The feedback he has had from them is that his body language reflects the outcome of his matches.
When he walks around the table, he seems to be in a state of confusion. These are areas where he needs to improve his game.
Lack of support in terms of sponsorship is another reason why he has not been able to produce the results on the green table. He has had to put money from his own pocket, using up all his savings.
Talking of this he expresses:
“People come to England to make money, but it seems I have come to spend it all.”
His manager Mohammad Nisar has been a big pillar of support since Hamza came to the UK.
Ever since becoming a pro, Hamza has had so many visa issues, losing potential ranking points and prize money as a result.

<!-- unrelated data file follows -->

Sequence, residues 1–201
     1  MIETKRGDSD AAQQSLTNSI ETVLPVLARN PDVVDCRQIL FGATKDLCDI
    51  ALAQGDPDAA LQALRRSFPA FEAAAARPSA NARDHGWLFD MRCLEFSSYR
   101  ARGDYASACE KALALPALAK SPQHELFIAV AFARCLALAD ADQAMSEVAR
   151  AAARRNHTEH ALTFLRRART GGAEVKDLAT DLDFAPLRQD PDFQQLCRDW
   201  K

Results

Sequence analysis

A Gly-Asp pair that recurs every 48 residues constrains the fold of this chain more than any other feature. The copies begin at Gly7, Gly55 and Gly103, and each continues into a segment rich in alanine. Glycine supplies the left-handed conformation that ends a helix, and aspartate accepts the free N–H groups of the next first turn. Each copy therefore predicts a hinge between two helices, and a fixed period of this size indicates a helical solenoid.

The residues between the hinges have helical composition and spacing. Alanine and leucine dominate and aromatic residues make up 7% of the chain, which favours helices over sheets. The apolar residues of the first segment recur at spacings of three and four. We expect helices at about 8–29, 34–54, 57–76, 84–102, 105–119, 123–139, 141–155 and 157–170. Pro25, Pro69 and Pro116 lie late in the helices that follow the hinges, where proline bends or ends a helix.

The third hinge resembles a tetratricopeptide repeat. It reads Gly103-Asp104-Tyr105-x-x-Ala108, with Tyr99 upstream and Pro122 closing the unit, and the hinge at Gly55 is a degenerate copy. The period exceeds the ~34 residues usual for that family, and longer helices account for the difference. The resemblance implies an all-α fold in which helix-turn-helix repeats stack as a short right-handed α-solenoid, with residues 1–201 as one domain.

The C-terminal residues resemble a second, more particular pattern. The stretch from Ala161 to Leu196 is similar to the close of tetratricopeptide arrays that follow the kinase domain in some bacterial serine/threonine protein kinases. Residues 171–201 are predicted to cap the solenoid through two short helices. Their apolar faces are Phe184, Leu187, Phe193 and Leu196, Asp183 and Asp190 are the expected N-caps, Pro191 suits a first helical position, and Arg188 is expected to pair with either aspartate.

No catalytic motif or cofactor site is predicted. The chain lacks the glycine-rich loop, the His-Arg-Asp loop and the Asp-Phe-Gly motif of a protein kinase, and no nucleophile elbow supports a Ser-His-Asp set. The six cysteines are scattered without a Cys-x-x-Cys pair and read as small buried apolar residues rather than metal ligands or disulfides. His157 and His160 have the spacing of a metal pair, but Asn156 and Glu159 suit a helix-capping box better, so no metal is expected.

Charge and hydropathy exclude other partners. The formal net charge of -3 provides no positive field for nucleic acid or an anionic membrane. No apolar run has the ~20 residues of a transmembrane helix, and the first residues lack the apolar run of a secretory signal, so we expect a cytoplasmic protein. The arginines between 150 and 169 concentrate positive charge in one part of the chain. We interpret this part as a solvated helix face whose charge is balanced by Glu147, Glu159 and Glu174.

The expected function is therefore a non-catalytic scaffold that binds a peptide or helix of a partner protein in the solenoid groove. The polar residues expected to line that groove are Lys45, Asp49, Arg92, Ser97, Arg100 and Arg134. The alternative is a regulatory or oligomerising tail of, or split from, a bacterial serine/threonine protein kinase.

According to Hamz,a, this is because he has a Pakistani passport and is a national from there.
“I remember in 2016 or 2017 when I went to play in Gibraltar, special agency people took me into another room and questioned me because I had a Pakistani Passport.
“I then told them, type my name in google as I am representing Pakistan.
“After checking me online they let me on board the flight with only twenty minutes left.”
Hamza is adamant that no one from the Pakistani government is supporting him. Hence, why he has faced more struggle on the main snooker tour in comparison to players from other nations.